|Scene from "The King's Speech"|
I wrote a post last April about how I have been largely voiceless when it comes to poetry due to my own long term trauma. Like those shell-shocked veterans, like poor Albert thrust onto the throne as George VI, I could barely write if it involved poetry.
And then a group of my high school classmates coalesced on Facebook. We found, some 40 years after we all began 9th grade together, that we share common bonds after all. One of us, Kate, began to post daily haikus, and eventually that lead to no less than three separate poetry groups on Facebook populated primarily by the Delaware Hayes Class of 1974.
Okay, a disclaimer. We are not talking T. S. Eliot or Emily Dickinson here. There are a lot of limericks and general high jinks. There is also a lot of fun, not to mention appreciation of one another that we couldn't have begun to have had back in our teenage years.
For me, the groups are all that and more. For me, they are a series of exercises in finding my poetic voice. They have become drills to re-educate my fingers and my sentences in the mechanics of poetry. They have become a way to get the taste of poetry back into my heart and into my words.
Writing poetry for a very small, very supportive audience makes me feel as I am starting to speak out loud again after a long silence. I may never regain my poetic voice with the same strength and vigor I would have had had I not lost it for so long. But I don't stutter anymore either. I don't stand silent in front of the poetry microphone. Today Tonya threw out a haiku assignment of "favorite childhood memory" and before I could stop myself, I had posted four in response.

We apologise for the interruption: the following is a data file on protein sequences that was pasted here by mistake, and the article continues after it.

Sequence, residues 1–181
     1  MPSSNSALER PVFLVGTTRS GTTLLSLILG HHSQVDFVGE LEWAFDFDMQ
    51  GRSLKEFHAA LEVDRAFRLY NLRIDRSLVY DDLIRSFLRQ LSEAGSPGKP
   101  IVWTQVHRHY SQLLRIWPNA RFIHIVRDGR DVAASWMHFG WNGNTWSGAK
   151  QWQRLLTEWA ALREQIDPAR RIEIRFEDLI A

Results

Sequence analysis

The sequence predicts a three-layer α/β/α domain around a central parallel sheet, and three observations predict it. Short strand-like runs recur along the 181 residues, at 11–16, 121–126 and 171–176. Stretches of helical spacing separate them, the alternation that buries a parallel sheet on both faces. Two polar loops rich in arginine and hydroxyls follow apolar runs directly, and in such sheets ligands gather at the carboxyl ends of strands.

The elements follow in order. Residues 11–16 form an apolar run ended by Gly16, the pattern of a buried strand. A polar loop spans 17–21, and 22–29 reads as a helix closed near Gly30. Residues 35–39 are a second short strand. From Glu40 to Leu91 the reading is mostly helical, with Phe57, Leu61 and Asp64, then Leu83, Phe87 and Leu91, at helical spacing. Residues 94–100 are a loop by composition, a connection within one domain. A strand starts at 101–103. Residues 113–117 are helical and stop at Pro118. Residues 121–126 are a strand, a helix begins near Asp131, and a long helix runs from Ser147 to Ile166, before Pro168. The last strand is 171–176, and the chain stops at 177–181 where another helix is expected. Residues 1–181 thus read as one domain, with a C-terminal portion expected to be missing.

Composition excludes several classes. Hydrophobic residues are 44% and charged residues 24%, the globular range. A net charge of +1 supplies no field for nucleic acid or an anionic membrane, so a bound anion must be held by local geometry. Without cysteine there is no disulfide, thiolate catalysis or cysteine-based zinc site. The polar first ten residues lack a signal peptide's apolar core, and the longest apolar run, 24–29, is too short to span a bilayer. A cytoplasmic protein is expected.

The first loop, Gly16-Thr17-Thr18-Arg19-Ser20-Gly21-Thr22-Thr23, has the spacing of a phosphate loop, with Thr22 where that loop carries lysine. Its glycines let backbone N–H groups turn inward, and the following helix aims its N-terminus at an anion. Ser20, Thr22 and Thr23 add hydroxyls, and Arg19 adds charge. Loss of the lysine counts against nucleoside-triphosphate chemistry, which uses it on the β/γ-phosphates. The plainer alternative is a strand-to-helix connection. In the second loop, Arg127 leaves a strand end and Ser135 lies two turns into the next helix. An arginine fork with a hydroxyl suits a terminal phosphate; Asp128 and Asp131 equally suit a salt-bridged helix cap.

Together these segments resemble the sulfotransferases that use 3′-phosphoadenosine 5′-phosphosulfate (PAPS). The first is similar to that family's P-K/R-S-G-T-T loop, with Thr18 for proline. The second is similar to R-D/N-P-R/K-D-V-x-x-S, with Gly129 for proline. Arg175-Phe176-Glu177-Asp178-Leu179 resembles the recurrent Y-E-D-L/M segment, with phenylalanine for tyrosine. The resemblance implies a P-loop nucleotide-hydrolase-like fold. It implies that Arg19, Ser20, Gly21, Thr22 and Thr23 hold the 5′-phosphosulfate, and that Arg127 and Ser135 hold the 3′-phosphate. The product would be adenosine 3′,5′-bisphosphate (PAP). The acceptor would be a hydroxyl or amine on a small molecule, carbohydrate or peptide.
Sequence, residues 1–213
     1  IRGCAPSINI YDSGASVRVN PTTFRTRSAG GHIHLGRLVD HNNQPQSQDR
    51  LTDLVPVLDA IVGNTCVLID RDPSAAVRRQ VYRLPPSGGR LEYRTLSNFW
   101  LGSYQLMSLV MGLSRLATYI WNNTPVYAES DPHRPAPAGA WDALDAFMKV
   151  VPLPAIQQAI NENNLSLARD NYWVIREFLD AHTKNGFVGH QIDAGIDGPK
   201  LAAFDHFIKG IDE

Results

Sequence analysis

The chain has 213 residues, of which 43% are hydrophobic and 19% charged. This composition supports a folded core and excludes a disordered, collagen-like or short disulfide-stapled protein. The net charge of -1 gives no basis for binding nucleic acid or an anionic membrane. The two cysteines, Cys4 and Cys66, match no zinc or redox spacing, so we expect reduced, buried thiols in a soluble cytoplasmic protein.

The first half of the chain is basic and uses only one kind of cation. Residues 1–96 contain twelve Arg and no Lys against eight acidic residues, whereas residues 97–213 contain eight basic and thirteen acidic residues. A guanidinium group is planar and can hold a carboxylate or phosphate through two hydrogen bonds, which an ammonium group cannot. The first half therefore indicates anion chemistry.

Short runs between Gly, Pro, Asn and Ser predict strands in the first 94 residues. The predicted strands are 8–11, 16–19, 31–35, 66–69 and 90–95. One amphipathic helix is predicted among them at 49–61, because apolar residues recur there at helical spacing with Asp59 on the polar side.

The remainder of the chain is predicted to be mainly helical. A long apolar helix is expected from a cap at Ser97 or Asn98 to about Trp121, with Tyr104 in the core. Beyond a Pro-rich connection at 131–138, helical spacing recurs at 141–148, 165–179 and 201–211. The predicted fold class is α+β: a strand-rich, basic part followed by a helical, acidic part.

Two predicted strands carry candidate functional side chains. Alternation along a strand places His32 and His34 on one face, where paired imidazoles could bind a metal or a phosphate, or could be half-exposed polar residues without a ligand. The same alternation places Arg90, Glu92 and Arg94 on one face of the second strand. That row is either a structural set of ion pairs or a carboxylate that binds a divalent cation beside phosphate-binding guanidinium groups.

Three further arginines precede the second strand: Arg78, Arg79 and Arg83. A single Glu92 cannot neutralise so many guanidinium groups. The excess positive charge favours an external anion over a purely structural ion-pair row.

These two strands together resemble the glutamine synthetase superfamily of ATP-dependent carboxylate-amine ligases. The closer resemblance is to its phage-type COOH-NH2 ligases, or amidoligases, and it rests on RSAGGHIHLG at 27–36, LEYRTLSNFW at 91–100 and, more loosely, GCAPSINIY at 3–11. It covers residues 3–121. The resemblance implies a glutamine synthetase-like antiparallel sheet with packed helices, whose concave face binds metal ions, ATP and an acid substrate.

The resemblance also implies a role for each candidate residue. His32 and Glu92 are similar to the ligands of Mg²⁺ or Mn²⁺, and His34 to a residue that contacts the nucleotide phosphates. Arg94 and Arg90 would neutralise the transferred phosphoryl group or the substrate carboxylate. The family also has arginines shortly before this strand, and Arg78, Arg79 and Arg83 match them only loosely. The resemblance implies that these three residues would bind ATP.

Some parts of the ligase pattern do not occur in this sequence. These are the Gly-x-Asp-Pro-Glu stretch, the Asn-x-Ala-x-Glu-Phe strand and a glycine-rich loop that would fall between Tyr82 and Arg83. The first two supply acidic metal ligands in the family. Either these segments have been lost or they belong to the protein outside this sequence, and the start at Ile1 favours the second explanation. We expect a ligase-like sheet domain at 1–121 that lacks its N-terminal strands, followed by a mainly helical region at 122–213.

I was a little taken aback when I had finished. Did I just do that? Really?
National Poetry Month is a little less than five weeks away. I am still exercising, still writing, still building up my skills and my nerves. But I'm giving serious thought to a self-made challenge to post my poetry on this blog during the entire month. 30 days, 30 poems.
I know, it's not the start of World War II and I am not the King reassuring his people. I am only me, reassuring myself that it is okay - more than okay - to write out loud.
And that - giving myself permission to write poetry again - is more of a challenge than all the King's horses and all the king's men could ever have put back together again.